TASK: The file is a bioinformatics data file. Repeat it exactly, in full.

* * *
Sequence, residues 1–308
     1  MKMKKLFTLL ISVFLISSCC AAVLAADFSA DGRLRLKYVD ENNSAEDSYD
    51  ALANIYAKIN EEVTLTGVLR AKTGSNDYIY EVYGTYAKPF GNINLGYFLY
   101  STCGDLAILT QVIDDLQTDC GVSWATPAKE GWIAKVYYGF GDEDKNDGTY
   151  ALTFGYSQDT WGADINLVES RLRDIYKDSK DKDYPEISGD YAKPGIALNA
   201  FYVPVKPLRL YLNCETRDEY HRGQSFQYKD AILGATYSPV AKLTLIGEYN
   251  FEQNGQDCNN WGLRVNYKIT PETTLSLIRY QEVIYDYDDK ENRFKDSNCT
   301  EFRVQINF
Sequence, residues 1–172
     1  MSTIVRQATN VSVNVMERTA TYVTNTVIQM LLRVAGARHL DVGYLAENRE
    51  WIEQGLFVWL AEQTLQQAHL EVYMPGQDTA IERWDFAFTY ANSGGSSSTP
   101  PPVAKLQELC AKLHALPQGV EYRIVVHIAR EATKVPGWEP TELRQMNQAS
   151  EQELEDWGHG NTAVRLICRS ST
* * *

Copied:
Sequence, residues 1–308
     1  MKMKKLFTLL ISVFLISSCC AAVLAADFSA DGRLRLKYVD ENNSAEDSYD
    51  ALANIYAKIN EEVTLTGVLR AKTGSNDYIY EVYGTYAKPF GNINLGYFLY
   101  STCGDLAILT QVIDDLQTDC GVSWATPAKE GWIAKVYYGF GDEDKNDGTY
   151  ALTFGYSQDT WGADINLVES RLRDIYKDSK DKDYPEISGD YAKPGIALNA
   201  FYVPVKPLRL YLNCETRDEY HRGQSFQYKD AILGATYSPV AKLTLIGEYN
   251  FEQNGQDCNN WGLRVNYKIT PETTLSLIRY QEVIYDYDDK ENRFKDSNCT
   301  EFRVQINF
Sequence, residues 1–172
     1  MSTIVRQATN VSVNVMERTA TYVTNTVIQM LLRVAGARHL DVGYLAENRE
    51  WIEQGLFVWL AEQTLQQAHL EVYMPGQDTA IERWDFAFTY ANSGGSSSTP
   101  PPVAKLQELC AKLHALPQGV EYRIVVHIAR EATKVPGWEP TELRQMNQAS
   151  EQELEDWGHG NTAVRLICRS ST